We found ourselves slugging it out in the alternate universe known as Washington & Lee and then in the land of Carroll himself — the streets of NYC.

Cregs was the first person in my adult life — outside my immediate family — who truly knew what I knew, who was moved by what moved me and who laughed at the same stupid shit I did.

The days of the inseparable Kevin and Cregs are long gone. The wild days replaced by encroaching middle age. For the last fifteen years we've lived thousands of miles apart. But he is still my confidante, my close friend, my third brother. And it was Cregs who I instantly thought of when I heard that Jim Carroll had died.

(Speaking of brothers, Scotty Mac was very eloquent about Jim Carroll here.)

So not only did Jim Carroll's artistry make me want to be more than I was (and continues to challenge me to be more than I am), it helped me locate the one friendship that I needed as I found my way into adulthood.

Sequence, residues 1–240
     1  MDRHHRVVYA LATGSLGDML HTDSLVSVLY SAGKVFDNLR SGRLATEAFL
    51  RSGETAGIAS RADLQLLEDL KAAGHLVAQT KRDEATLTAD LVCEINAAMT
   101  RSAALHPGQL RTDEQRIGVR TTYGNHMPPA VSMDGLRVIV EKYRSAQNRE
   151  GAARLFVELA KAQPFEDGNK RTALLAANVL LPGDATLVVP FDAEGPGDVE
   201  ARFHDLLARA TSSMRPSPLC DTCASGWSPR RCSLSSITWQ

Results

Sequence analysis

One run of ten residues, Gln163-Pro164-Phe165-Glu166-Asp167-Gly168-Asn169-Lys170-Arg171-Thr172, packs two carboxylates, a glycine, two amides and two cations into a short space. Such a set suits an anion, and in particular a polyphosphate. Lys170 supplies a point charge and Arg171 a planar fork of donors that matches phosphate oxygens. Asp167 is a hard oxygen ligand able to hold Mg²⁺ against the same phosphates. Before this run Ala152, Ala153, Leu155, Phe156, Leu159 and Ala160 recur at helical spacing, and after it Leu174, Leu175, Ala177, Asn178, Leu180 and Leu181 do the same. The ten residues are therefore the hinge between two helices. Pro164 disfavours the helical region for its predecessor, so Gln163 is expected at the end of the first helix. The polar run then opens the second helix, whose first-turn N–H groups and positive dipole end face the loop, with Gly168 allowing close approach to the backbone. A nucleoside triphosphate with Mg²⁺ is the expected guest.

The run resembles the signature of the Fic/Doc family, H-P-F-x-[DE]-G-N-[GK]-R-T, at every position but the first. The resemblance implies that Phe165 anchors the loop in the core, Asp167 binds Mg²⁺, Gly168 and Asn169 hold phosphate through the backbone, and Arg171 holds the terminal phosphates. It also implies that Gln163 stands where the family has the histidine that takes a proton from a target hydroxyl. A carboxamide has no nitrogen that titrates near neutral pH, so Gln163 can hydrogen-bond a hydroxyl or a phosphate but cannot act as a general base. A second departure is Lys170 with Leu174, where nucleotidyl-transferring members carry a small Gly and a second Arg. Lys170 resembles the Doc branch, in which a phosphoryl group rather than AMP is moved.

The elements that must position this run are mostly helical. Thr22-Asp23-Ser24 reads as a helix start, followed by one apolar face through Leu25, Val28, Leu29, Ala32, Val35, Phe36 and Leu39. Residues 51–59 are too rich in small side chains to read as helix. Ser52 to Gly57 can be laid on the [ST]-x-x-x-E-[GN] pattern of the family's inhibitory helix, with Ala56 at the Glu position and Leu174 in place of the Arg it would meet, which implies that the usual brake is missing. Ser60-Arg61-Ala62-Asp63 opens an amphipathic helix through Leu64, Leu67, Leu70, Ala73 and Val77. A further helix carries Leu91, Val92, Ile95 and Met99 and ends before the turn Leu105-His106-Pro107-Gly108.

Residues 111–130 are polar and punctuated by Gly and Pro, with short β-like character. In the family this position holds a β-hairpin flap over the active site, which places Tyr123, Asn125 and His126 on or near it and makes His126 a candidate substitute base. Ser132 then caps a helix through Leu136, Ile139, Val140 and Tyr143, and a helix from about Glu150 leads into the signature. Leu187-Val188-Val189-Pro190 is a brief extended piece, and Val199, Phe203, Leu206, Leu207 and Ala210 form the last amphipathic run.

So here's a big slug of OJ and 5 Italian ices to Jim Carroll — tortured street poet extraordinaire, dead at 60, and to my man Cregans — the only other one who really knew — alive and well at 45.

Friday, September 11, 2009

Eight Years Later

What exactly will you think of today — on the eighth anniversary of 9/11?

Our daughter — a 2nd grader — asked us at breakfast this morning to explain what happened eight years ago.

So we told her, in (we hope) age-appropriate terms, about that day — which occurred 53 days before her birth. We emphasized the bravery of the firefighters, police and military personnel lost, as well as the passengers of United 93. We told her about the two people we knew who had died in the attacks: